For discussion this week, we will answer questions similar to the questions in Week 3, except in the tort context. This week, please do two things:
1. Evaluate arguments for and against tort reform with a focus on why organizations leave the United States to avoid large tort damage awards. Use some of the terminology from the textbook to help with your arguments. Incorporate the legal terminology from your textbook where appropriate, in both your original post and in your responses to your classmates. Use academic or legitimate news sources, such as The New York Times, the Los Angeles Times, The Washington Post, CNN, MSNBC, Fox News, etc. Please include in your post any links used for your research for your fellow classmates to review and to comment on. Make sure to identify the law at issue or the elements of the cause of action. Do not repeat cases discussed by another classmate.**
2. Tort law permeates society and daily life. Think of a tort issue in your life or the life of someone close to you. Describe the issue. Perhaps you did not pursue litigation, but after your knowledge in this class, do you think you should have? Perhaps you pursued litigation and lost. Is it clear why you lost? Do not feel compelled to tell more information than you are comfortable discussing. Please try to incorporate legal terminology where relevant. Specifically, identify the elements of the tort cause of action and apply facts to each element. If the case is not clear cut, it will be where an element is not clearly met. If an element of a cause of action is clearly not met, there is not a legitimate cause of action.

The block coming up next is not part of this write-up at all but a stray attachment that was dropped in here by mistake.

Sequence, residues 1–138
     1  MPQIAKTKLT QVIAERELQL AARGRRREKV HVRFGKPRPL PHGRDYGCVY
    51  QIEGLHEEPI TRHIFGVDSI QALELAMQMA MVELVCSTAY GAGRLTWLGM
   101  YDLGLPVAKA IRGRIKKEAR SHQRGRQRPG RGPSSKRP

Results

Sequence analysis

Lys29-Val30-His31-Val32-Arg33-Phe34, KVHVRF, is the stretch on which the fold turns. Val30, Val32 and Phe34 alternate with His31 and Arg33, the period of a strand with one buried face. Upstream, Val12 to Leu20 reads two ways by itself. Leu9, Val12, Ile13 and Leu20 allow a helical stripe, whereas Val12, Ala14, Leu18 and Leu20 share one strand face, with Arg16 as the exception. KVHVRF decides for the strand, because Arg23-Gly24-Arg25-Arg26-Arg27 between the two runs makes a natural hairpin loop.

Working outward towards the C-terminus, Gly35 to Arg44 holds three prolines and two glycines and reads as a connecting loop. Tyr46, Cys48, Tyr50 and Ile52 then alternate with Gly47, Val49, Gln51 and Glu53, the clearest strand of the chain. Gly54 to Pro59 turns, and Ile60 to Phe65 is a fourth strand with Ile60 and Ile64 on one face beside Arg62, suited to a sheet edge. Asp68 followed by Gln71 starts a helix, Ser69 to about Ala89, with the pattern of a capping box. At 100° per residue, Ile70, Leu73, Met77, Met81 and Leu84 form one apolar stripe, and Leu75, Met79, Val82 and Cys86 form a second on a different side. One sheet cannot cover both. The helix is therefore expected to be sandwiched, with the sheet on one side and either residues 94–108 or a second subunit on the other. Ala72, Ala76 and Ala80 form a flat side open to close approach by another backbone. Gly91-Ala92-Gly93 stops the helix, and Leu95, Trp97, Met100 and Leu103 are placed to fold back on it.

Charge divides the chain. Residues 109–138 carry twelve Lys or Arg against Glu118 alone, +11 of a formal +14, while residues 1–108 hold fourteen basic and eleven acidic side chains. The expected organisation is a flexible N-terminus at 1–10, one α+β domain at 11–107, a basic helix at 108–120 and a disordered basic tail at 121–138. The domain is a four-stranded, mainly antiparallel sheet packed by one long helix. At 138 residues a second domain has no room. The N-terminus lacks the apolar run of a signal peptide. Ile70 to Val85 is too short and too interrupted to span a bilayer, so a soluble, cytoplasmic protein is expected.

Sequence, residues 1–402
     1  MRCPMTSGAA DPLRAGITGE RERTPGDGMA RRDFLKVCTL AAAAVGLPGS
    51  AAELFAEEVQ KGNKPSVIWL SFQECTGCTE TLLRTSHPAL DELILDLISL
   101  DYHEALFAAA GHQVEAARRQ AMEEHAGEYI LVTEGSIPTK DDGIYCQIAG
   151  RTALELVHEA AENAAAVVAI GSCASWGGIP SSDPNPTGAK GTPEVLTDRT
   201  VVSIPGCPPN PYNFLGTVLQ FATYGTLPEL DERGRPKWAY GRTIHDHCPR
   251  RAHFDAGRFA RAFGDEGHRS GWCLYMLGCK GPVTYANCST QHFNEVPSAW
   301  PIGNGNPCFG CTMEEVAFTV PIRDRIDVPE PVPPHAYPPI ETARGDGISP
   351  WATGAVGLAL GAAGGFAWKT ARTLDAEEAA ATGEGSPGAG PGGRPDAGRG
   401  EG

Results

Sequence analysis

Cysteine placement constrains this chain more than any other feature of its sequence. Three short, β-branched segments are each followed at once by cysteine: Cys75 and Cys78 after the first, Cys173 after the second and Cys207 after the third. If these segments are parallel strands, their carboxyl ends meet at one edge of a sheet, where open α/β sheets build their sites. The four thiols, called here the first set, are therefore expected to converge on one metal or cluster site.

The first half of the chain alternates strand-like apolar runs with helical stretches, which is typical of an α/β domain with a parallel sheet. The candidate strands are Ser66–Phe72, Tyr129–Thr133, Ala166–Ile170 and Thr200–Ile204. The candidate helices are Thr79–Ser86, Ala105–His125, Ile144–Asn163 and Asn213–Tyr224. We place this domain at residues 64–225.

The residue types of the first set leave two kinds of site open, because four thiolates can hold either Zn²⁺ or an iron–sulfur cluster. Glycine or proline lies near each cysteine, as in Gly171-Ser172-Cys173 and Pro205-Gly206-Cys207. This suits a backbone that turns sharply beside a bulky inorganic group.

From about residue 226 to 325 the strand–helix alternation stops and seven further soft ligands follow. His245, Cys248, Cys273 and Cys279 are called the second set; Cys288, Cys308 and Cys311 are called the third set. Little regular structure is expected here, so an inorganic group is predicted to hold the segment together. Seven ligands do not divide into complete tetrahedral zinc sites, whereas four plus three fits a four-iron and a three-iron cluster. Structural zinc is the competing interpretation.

Please make sure to comment on at least two classmates’ posts. Make sure your comment is relevant and informative. It is imperative that you demonstrate critical thinking in your own post as well as your responses to classmates. You must answer both questions to receive credit. Do not repeat researched cases.** Please remember to log into class throughout the week to contribute to ongoing legal discourse.
**In theory, two students could log on to class at the same time and begin researching the same case, then post their researched case not realizing another student researched the same issue. Should you find yourself in this unlikely scenario, please still post the case you researched and e-mail the instructor.**